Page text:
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Law & Religion UK is intended as a forum for what (we hope) is academically-rigorous exploration of the interactions between law and religion – broadly defined – together with the human rights issues associated with them. We are always interested in guest posts from colleagues in the field of law and religion.

We also welcome pertinent comments on current developments that reflect the views and opinions of their respective authors and meet the General Conditions applying to the site. However, those that do not meet those criteria or which are otherwise unidentifiable are unlikely to be published, especially comments that are abusive or defamatory. For more information see our comments policy below.

Frank Cranmer and David Pocklington

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Comments policy

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We welcome comments, subject to the following conditions:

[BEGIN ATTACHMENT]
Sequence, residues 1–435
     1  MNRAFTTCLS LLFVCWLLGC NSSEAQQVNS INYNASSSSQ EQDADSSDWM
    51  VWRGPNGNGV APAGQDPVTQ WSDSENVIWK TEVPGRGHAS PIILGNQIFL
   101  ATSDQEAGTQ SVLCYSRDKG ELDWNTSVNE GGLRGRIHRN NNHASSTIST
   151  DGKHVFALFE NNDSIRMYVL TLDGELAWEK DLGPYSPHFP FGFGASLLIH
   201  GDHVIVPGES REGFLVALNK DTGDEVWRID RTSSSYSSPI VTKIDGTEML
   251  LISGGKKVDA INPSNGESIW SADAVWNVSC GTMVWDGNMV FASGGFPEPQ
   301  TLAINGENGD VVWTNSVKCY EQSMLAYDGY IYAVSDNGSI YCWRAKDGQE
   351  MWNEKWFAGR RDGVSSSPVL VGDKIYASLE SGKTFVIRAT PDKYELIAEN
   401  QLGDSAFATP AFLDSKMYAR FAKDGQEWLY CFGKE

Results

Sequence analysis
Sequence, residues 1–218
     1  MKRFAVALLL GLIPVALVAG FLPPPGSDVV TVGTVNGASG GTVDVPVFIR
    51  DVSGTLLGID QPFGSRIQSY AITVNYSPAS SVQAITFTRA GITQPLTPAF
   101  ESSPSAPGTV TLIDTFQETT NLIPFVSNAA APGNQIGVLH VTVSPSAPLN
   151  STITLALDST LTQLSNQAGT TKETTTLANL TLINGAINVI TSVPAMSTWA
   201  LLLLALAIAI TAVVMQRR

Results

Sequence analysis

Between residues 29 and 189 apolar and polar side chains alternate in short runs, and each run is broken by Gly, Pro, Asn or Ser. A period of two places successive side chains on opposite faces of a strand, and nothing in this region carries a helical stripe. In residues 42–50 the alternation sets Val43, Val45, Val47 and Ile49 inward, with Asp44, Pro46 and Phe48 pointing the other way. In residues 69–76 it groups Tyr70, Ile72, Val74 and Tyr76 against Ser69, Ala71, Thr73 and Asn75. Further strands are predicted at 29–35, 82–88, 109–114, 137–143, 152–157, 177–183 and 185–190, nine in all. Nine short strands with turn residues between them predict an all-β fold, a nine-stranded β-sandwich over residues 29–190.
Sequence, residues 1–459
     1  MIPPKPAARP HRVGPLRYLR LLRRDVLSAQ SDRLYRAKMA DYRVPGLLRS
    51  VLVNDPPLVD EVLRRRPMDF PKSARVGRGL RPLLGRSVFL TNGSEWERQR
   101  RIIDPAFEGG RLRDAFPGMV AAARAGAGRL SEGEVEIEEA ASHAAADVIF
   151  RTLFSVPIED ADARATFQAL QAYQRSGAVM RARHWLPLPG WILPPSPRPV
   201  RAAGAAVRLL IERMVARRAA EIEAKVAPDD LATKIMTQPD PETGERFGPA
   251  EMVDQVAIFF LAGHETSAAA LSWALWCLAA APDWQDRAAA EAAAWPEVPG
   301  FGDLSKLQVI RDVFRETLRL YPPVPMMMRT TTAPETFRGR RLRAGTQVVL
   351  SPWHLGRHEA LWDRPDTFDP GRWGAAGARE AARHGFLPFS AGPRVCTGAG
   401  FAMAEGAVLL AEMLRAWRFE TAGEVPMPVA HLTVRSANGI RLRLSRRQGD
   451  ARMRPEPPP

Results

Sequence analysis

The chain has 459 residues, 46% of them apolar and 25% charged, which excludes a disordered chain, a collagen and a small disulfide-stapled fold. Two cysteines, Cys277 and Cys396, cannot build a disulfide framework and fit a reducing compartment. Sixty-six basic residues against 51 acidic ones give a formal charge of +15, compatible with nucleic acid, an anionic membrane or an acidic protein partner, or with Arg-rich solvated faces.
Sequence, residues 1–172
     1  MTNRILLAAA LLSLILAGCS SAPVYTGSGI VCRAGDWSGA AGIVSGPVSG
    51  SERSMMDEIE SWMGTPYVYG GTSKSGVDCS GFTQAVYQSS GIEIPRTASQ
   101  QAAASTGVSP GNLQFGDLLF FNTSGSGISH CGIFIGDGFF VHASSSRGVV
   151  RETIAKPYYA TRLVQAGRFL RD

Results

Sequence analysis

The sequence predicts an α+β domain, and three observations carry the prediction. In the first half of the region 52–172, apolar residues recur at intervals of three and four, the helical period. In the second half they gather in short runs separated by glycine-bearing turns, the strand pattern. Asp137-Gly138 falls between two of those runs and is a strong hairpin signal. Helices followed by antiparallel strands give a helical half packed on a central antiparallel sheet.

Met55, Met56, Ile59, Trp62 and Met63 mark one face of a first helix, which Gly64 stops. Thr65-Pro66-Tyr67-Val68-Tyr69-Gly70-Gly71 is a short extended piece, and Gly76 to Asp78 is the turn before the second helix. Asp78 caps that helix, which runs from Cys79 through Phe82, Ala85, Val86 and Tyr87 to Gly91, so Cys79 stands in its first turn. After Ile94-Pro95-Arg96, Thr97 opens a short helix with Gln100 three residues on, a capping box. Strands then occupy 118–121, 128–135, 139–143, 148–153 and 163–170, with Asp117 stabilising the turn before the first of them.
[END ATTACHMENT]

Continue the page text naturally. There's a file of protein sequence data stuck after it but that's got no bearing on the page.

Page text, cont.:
• We will not publish comments that, in our opinion, are abusive, racist, homophobic, potentially defamatory or otherwise capable of offending the laws against hate speech – or common decency.
  • Since L&RUK is intended as a blog for academic comment, those that add little to the academic debate on a particular issue are unlikely to be published.
  • As a rule of thumb, we will not normally publish comments received more than fourteen days from the original day of posting.
  • Anonymous comments will not be published.

Our decision as to whether or not a comment should be published is final.

Frank Cranmer & David Pocklington

“Net zero”, church heating, and the consistory courts – III

The first part of this series of posts, “Net zero”, church heating, and the consistory courts – I, (24 May 2021), reviewed twelve judicial considerations of replacement heating schemes, most of which had been handed down post-February 2020, the date on which General Synod unexpectedly agreed to the “net zero by 2030” target for the Church of England’s greenhouse gas emissions. The judgment Re St. Thomas & St. Luke Dudley [2021] ECC Wor 2, delivered on 5 May and circulated on 29 May 2021, was considered in the second part, “Net zero”, church heating, and the consistory courts – II. Here the Chancellor raised the fundamental issue how the consistory courts should approach cases involving the Church of England’s “net zero” target. These two contrasting approaches are discussed below, and areas of commonality explored. For completeness, a further two recent judgments are included in the Postscript.

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